*  CAUTION:  Studies have found that, among those who had already had one heart attack, people who took the painkillers called NSAIDs (non-steroidal anti-inflammatory drugs) such as Vioxx, Bextra, Aleve, Advil, Motrin, etc. were at >40% higher risk of having a second heart attack compared with those who did not take them.
1  Alpert M, Feldman F. The rib lesions of rheumatoid arthritis. Radiology. 1964 May 82: 872-875
2  Mayo Clinic. Costochondritis. 2012 May 6.
3  HealthHype.com. Severe costochondritis – causes, symptoms, treatment. 2010 May 9.
4  Flowers LK. Medscape. Costochondritis. 2012 Apr 13.

Q:  Have you ever experienced costochondritis?

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29 Responses to “When chest pain is “just” costochondritis”

  1. Hannah June 14, 2015 at 9:53 pm #

    I’m fifteen years old and was diagnosed with chronic costochondritis two years ago.

    I was doing dishes when I suffered my first attack. It was sudden; I hadn’t moved anything heavy, no quick movements that could’ve caused injury. It was an abrupt mixture of a burning, throbbing, and tightening pain right under my breasts on my ribcage; the pain radiated to my stomach and my back. It felt like someone had stabbed me underneath my sternum. My father quickly took me to the nearest hospital, where I was diagnosed with it and was sore for months, as well as trouble getting a proper inhale.

    My symptoms and flareups have eased considerably over the last couple of years. I still experience flareups around my menstrual cycle, random stabs of pain usually in a few of my left ribs or left breast, right over my heart. It’s a bit scary considering I feel tremors and tightness over such a critical area, and reading this article has definitely expanded my awareness. My breasts are sore and tender as well as my back and the pain sometimes runs through my arms and legs. Even under my armpits are extremely tender. The only way I can describe the discomfort is like a spear going through my back at any angle where the pain is: pain starting from one side directly to the other in the same spot. It almost feels like my chest is covered in bruises or starting to bruise.

    The odd thing about my condition is that my father suffered with the same thing starting around my age, peaking in his early twenties and then slowly dying down. He’s now forty-five, saying that he still has slight pain but has become accustomed to it. However, there is no scientific link to costochondritis being genetic.

    Is there any way to calm the pain and ease the severity of flareups without NSAID’s? I take Aleve but it usually does nothing. My mother suggested cortisone shots as well. I feel like the pain will never die down, nothing seems to work anymore.

    Liked by 1 person

    • Carolyn Thomas June 15, 2015 at 4:30 am #

      Hello Hannah and thanks for sharing your story here. I’m so sorry you have had to go through all of this pain, especially at your age – but it’s interesting that your Dad also suffered the same symptoms. Some scientists suggest there may indeed be a genetic predisposition. I’m not a physician so cannot comment specifically on your case, but I can tell you that there have been some studies suggesting a link between costochondritis and other inflammatory conditions (arthritis, fibromyalgia, irritable bowel syndrome, for example) and possibly even Vitamin D deficiency. If there is a Pain Clinic near you, consider asking your physician for a referral (pain self-management is an important skill taught by most pain specialists). Best of luck to you…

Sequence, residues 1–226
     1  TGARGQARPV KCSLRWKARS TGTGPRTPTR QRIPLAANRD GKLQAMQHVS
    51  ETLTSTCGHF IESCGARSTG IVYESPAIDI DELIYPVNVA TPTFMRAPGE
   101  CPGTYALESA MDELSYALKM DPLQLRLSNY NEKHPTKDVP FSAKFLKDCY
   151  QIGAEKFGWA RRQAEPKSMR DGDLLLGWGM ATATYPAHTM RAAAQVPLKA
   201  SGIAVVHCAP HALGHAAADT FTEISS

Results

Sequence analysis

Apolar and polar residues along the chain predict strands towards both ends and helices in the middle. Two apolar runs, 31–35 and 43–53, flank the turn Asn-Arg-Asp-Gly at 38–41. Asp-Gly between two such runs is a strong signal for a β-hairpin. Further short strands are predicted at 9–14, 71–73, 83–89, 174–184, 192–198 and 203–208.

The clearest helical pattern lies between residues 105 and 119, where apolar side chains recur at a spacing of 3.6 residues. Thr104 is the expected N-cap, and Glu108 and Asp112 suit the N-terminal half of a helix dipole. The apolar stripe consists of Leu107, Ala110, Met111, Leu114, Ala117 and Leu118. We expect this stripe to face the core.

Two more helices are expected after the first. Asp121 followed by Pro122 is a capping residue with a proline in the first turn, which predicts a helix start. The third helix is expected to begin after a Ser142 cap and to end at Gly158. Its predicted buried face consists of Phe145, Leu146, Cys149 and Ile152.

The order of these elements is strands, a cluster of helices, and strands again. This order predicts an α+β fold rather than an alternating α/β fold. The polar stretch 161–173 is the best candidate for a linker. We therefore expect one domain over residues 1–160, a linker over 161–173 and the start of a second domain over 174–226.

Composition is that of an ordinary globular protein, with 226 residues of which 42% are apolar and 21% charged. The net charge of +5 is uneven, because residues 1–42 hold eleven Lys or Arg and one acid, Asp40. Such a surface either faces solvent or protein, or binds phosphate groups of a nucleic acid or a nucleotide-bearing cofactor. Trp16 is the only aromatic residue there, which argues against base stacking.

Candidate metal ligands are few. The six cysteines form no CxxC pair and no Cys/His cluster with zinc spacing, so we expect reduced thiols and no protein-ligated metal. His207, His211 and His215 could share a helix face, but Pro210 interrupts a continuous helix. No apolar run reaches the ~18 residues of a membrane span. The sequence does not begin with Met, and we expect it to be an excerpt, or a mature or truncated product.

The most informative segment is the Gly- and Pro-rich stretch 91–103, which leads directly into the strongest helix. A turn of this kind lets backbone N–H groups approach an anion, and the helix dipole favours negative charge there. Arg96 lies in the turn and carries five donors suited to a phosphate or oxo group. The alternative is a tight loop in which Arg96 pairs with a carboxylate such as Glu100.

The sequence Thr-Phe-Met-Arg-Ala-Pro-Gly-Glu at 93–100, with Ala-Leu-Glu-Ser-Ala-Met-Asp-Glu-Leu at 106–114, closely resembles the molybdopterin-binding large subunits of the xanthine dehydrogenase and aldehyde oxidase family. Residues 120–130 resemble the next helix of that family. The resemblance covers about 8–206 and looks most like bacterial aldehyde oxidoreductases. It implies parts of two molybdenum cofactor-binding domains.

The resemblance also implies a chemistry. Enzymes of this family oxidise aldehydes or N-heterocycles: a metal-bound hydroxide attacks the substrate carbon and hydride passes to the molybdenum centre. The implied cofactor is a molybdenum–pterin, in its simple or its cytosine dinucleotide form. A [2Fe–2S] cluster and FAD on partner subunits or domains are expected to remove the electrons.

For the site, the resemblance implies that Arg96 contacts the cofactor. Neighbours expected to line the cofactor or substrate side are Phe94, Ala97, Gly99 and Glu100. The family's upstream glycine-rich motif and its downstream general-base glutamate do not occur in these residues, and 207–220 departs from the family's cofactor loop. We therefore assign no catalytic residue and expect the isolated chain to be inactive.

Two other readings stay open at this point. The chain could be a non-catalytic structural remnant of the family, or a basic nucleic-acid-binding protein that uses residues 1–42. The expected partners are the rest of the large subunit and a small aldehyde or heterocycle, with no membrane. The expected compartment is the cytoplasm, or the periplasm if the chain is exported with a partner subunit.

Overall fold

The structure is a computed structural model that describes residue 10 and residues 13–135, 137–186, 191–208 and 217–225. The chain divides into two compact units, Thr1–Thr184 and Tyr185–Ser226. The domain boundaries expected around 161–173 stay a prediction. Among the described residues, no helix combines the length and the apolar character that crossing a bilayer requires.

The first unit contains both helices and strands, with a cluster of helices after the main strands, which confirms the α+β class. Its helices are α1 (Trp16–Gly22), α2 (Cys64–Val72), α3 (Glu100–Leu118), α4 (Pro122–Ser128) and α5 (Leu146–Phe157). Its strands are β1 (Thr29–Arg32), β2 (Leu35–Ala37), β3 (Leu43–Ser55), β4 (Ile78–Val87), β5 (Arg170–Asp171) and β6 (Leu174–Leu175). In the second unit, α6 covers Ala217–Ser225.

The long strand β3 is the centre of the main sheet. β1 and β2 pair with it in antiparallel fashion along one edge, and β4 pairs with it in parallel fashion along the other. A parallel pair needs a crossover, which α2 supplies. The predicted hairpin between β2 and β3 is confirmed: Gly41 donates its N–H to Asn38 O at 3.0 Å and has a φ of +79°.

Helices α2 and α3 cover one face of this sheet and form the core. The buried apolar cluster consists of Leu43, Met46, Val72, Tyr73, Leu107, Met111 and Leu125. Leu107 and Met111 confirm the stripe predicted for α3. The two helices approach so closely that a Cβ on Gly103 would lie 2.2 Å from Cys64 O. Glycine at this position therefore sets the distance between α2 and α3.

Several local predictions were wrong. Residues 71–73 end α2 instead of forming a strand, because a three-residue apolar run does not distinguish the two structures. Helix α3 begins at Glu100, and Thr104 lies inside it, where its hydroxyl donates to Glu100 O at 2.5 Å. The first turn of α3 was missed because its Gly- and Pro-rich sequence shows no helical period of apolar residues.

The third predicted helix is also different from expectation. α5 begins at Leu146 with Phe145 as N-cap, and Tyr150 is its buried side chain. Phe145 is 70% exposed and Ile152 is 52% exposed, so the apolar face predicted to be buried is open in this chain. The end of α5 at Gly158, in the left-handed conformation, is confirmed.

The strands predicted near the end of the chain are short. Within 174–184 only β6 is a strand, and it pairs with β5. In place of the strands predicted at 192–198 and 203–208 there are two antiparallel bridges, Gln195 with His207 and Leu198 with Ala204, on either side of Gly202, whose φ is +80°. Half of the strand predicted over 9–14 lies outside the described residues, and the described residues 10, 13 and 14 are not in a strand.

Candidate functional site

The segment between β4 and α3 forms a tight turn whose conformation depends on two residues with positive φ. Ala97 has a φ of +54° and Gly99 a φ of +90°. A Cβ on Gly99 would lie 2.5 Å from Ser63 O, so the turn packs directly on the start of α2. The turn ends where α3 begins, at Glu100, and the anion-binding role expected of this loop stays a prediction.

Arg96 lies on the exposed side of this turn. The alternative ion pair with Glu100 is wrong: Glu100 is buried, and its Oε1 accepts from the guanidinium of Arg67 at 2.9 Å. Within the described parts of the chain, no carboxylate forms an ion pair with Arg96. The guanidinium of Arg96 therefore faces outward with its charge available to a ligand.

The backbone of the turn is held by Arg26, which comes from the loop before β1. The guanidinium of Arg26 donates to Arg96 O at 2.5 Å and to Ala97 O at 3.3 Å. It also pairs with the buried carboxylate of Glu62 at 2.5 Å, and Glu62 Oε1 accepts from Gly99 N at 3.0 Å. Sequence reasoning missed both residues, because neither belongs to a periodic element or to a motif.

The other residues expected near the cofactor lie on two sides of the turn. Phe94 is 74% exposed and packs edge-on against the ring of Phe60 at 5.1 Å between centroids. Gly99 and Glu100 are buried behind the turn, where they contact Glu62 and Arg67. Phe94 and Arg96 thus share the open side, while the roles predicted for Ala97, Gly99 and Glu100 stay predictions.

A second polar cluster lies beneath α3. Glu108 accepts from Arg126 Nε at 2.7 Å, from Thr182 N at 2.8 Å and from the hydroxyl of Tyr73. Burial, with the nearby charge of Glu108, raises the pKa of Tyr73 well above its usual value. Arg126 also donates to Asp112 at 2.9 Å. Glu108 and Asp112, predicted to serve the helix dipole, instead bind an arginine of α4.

Like

    • paul June 17, 2015 at 1:19 pm #

      Hi
      Here is my recommendation of what to do, having gone through the same symptoms after a heart attack.

      Muscles develop a memory and just need a little jog to forget the spasms they create. Like driving a car your legs muscles do the work automatically or riding a bike, so the more pain they create the more normal the muscles believe it is correct.
      Find a Musculoskeletal Doctor, write a list of all your symptoms and give it to them to read, as they will start asking questions which can drag you off track and you will forget to mention things.

      When you are about to go to the appointment, get a pen or some small Band-Aids and mark or put them on the sore spots. Tell the doctor you want a local anesthetic injected into all the hot spots that you have found and the muscles around the area, including the muscle between the shoulder blades and the muscles that come down from the side of you neck to the top of your shoulders, they usually have knots in them which can also cause light headedness.

      Then wait till the next morning and it should have helped, once the muscles have relaxed your state of mind will relax and so will the body. You may have to go back for a little tweaking from time to time. You won’t need to take any drugs, which I found nothing worked anyway.

      Good Luck
      Paul

      Like

      • Carolyn Thomas June 17, 2015 at 9:43 pm #

        Paul, it’s important to remember that costochondritis is generally unrelated to cardiac pain following a heart attack, so what worked for you (local anaesthetic) may have nothing to do with costochondritis.

        Like

  2. Steve Davis June 13, 2015 at 5:48 am #

    I used to workout in cable crossover machine in the Gym and one day I pulled little heavy weights. After 2 days I felt chest discomfort so bad that I ran to ER. There was nothing in the EKG and doctor gave me a few medicines including Aspirin. The other day I felt chest discomfort again in the office. I ran to the ER a second time but nothing came up in the EKG.

    After that I went to a cardiologist; he ran many tests like stress test, heart ultrasound, heart CT Scan. The result was 0% blockage of arteries with mild heart valve leak. Cardiologist said it’s normal. Cholesterol level was high to 225 and LDL 130 so he put me to 20 mg Lipitor medication.